Facing our Greatest Immediate Challenge – The Role of Philanthropy
Charities have (or will very shortly have) a new statutory power to make social investments introduced by the Charities (protection and Social investment) Act 2016 (the Act). At the time of writing this article the date when the new legislation will be brought into force was unknown, but it is expected imminently. The new power is designed to remove doubts as to whether charity trustees can use their investment assets to make social investments.
The statutory definition of social investment is broad and requires an assessment of whether a charity invests with a view to both directly furthering the charity’s purposes, and achieving a financial return. This article explores this definition and the parameters of this power for charity trustees.
Directly furthering a charity’s purposes
An investment must ‘directly further the charity’s purposes’. The explanatory notes to the Act confirm that the word ‘directly’ does not preclude the achievement of the charity’s objects by a third party, provided there is a ‘sufficiently close causal connection’ between the investment and the furtherance of a charity’s purposes. In the absence of any legal clarification, trustees may decide to undertake a similar thought process when assessing any form of charitable activity – i.e. does this investment directly further the charity’s objects rather than the financial return providing funds to a charity to apply furthering its objects. In view of the need for a causal connection between the objects and the investment, it is perhaps questionable whether the new power enables the purchase of pre-existing social investments, e.g. shares in a social enterprise held by another investor. Where a pre-existing investment is purchased, the link between buying the shares from another investor and furthering the charity’s objects is not clear, as the money to purchase the investment will be paid to the other investor, rather than to the social enterprise to support its work. While the explanatory notes don’t tackle this point head on, they refer to an example of buying shares in a medical research company being potentially charitable because of the work done by that medical research charity. However, in this example, it is not clear whether the purchase is of shares held by another investor or a new issue of shares.
Achieving a financial return
A social investment must be undertaken with a view to achieving a financial return. This requirement can be broken into three parts:
1. Whether an act by a charity is a ‘relevant act’
2. What a financial return means
3. What assurances may be necessary to confirm that an investment is undertaken with a view to achieving a financial return.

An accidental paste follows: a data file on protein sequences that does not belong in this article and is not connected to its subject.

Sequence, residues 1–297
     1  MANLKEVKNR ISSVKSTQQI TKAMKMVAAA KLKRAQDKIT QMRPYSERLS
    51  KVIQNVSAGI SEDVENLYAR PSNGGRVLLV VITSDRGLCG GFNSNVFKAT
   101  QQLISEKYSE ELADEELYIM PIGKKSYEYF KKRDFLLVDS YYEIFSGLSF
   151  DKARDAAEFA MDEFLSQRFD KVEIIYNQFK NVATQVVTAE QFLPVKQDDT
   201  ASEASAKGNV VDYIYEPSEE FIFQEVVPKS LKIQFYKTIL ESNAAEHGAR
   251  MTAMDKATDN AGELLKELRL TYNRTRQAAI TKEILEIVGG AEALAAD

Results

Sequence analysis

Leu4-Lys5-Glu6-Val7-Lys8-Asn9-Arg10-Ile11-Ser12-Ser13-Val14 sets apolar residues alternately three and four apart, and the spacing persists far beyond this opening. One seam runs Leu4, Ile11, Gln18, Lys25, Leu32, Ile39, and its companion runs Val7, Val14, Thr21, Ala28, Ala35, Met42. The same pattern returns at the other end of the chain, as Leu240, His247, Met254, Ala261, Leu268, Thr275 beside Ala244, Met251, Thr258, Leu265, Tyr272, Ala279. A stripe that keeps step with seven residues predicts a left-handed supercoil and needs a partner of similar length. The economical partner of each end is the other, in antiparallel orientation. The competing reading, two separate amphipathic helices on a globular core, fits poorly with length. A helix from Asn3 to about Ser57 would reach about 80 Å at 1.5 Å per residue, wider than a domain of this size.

These are considered in turn below.
Whether an act by a charity is a ‘relevant act’
The legislation clarifies that a social investment is capable of involving: (a) an application or use of funds or other property; or (b) taking on a commitment in relation to a liability of another person (such as a guarantee) that puts the charity’s funds or other property at risk of being applied or used. This broad definition means that an investment needn’t be in cash and that it can include circumstances where no assets of a charity are applied at all, but a guarantee is given.
What a financial return means in relation to the investment
The meaning of ‘financial return’ depends on whether the investment involves applying charity assets or giving a commitment.
In investment terms, a financial return usually means that the initial capital invested is preserved and there is some capital appreciation and/or income earned so that the total return is greater than the sum invested. The concept of financial return with a social investment differs because financial return means both a positive and negative return. Consequently the total returned to the charity investor can be less than the sum invested. This flexibility allows trustees to place weight on the charitable return expected and weigh this benefit against the expected financial returns to assess whether or not an investment is in a charity’s best interests.
If the form of investment is applying funds (or other property), a financial return is where the financial outcome (ignoring whatever the charitable outcome may be) is better than expending the whole of the funds or other property. Consequently, so long as it is reasonably expected that there will be some form of return (even where this is less than the initial investment), then the test is satisfied.